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SPECIAL REPORT
Mission Atlantis

Complete Coverage: Final Flight Of Nasa's Space...

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HIGHLIGHTS
Friday, July 08
KSC Launch

Atlantis Launches From Kennedy Space Center

11:26 a.m. EDT (1526 GMT)

Saturday, July 09
Flight Day 2

Shuttle Heat Shield Inspection Begins

8:16 a.m. EDT (1216 GMT)

Sunday, July 10
Flight Day 3

DOCKING DAY: Shuttle Arrives at ISS

11:09 a.m. EDT (1509 GMT)

Monday, July 11
Flight Day 4

Cargo Pod Attached to Space Station

6:56 a.m. EDT (1056 GMT)

Tuesday, July 12
Flight Day 5

Space Station Crew Spacewalk Begins

8:41 a.m. EDT (1241 GMT)

Wednesday, July 13
Flight Day 6

Cargo Transfers and In-Flight Interview

Interview at: 12:01 p.m. EDT (1601 GMT)

Thursday, July 14
Flight Day 7

Shuttle Crew Interview, Time Off

Interviews:

6:56 a.m. EDT (1056 GMT)

9:21 a.m. EDT (1321 GMT)

Off-Duty Time:

9:41 a.m. EDT (1341 GMT)

Friday, July 15
Flight Day 8

Crew Interviews and Joint-Crew Conference

Interviews:

6:41 a.m. EDT (1041 GMT)

8:01 a.m. EDT (1201 GMT)

Crew Press Conference:

9:21 a.m. EDT (1321 GMT)

Saturday, July 16
Flight Day 9

Cargo Delivery and Crew Interview

Interview at:

7:36 a.m. EDT (1136 GMT)

Sunday, July 17
Flight Day 10

Cargo Transfer Work

Monday, July 18
Flight Day 11

Cargo Pod Returns to Shuttle Bay

7:16 a.m. EDT (1116 GMT)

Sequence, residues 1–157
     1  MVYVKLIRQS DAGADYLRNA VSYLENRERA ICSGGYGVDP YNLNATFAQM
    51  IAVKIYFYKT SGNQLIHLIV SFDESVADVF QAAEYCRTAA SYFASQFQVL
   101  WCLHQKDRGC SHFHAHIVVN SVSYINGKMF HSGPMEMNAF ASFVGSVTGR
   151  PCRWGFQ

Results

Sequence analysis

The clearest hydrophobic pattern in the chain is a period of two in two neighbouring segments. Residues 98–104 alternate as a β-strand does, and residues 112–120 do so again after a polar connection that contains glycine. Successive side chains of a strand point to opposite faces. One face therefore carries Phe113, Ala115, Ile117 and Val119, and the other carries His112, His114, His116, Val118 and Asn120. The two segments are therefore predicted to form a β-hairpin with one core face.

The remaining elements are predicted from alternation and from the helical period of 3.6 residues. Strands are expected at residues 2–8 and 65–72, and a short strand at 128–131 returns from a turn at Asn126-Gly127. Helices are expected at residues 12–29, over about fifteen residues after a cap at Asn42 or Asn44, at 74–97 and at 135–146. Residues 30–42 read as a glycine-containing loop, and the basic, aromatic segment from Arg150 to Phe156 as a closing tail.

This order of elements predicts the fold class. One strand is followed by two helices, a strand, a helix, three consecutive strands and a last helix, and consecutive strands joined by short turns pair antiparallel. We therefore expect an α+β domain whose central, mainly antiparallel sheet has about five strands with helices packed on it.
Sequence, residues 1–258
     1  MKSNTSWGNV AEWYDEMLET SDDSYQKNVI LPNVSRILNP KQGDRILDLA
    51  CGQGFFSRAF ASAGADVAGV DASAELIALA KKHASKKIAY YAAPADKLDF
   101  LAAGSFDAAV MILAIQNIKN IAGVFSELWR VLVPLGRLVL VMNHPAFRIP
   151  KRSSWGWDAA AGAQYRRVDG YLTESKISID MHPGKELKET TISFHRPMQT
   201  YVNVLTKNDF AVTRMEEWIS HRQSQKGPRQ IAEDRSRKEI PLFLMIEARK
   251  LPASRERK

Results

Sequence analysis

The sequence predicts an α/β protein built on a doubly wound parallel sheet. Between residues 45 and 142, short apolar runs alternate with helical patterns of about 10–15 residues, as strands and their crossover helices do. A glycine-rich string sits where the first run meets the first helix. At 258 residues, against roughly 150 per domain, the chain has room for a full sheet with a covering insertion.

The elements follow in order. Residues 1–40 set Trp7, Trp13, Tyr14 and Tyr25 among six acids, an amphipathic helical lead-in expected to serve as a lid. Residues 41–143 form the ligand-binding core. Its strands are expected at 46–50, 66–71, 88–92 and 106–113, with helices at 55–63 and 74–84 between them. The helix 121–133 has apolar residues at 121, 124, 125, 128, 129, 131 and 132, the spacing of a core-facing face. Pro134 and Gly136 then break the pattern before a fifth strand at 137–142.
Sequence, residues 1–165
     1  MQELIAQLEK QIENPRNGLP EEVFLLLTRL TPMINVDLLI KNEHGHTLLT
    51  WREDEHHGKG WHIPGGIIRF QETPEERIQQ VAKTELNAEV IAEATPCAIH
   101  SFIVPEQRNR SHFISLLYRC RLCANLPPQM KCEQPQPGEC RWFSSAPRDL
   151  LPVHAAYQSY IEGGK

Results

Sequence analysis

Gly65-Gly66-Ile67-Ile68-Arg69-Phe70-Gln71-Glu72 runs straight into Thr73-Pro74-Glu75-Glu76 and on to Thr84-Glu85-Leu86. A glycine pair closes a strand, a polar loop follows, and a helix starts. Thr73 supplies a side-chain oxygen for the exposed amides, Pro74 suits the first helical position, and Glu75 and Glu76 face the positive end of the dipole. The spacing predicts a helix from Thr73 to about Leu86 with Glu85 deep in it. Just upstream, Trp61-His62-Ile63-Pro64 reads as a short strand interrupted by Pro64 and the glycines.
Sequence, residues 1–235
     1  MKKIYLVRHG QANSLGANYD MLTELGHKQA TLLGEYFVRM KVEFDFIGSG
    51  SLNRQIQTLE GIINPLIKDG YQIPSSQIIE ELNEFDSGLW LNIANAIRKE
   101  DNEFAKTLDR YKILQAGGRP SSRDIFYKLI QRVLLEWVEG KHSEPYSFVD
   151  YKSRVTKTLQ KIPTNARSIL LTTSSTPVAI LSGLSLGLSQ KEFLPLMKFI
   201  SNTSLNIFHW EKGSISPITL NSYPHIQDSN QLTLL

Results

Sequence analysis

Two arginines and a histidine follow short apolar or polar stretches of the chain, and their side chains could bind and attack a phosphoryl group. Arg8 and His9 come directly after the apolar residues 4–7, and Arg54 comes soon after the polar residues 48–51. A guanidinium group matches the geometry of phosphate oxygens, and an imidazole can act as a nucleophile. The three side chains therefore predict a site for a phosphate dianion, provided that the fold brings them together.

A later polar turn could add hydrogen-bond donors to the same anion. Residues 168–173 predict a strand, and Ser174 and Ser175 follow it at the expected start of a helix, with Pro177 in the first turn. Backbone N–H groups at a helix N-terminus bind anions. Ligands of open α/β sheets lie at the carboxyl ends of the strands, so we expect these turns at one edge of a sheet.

Crew Farewell Ceremony

9:46 a.m. EDT (1346 GMT)

Tuesday, July 19
Flight Day 12

UNDOCKING DAY:

Shuttle Leaves Space Station

1:59 a.m. EDT (0559 GMT)

Wednesday, July 20
Flight Day 13

Flight Control Systems Check

1:21 a.m. EDT (0521 GMT)

Picosatellite Deployed From Shuttle

3:11 a.m. EDT (0711 GMT)

Interviews:

6:11 a.m. EDT (1011 GMT)

7:26 a.m. EDT (1126 GMT)

Thursday, July 21
Flight Day 14

LANDING DAY

KSC Landing

5:56 am EDT (0956 GMT)

Landing+ 1 Hour

Post-Landing Press Conference

Landing + 4 Hours

Post-Landing Crew Conference

UPDATES
Atlantis' Crew Leaves the Shuttle
21 July 2011, 07:14 AM EDT

After gliding to a smooth landing at 5:57 a.m. EDT, the shuttle astronauts worked through a checklist with Mission Control to safe the vehicle on the ground.

Atlantis' four astronauts, commander Chris Ferguson, pilot Doug Hurley, and mission specialists Sandy Magnus and Rex Walheim, have all exited the vehicle now as ground teams continue their work at the Kennedy Space Center's Shuttle Landing Facility.

The astronauts are now being greeted by NASA officials, including administrator Charles Bolden, shuttle launch director Mike Leinbach and Lori Garver, the agency's deputy administrator. The four crewmembers will have the opportunity to walk around their vehicle and soak in the moment with other members of the shuttle program.

--Denise Chow

TOUCHDOWN! Atlantis Lands for the Final Time
21 July 2011, 05:57 AM EDT

CAPE CANAVERAL, Fla. -- The space shuttle Atlantis glided down to Earth and slowed to a stop here on the runway of the Shuttle Landing Facility at NASA's Kennedy Space Center.

The orbiter arrived less than an hour before dawn, heralding the end of the 30-year space shuttle program. Four astronauts returned to Earth aboard the spaceship, which flew the 135th shuttle mission, called STS-135.

--Clara Moskowitz

Shuttle Atlantis in Home Stretch
21 July 2011, 05:36 AM EDT

CAPE CANAVERAL, Fla. -- The space shuttle Atlantis is just 25 minutes away from touching down here at the Kennedy Space Center in the last shuttle landing ever.

The orbiter is plunging its way through Earth's atmosphere, and is approaching the point of maximum heat on re-entry. Atlantis is currently approaching the coast of Central America.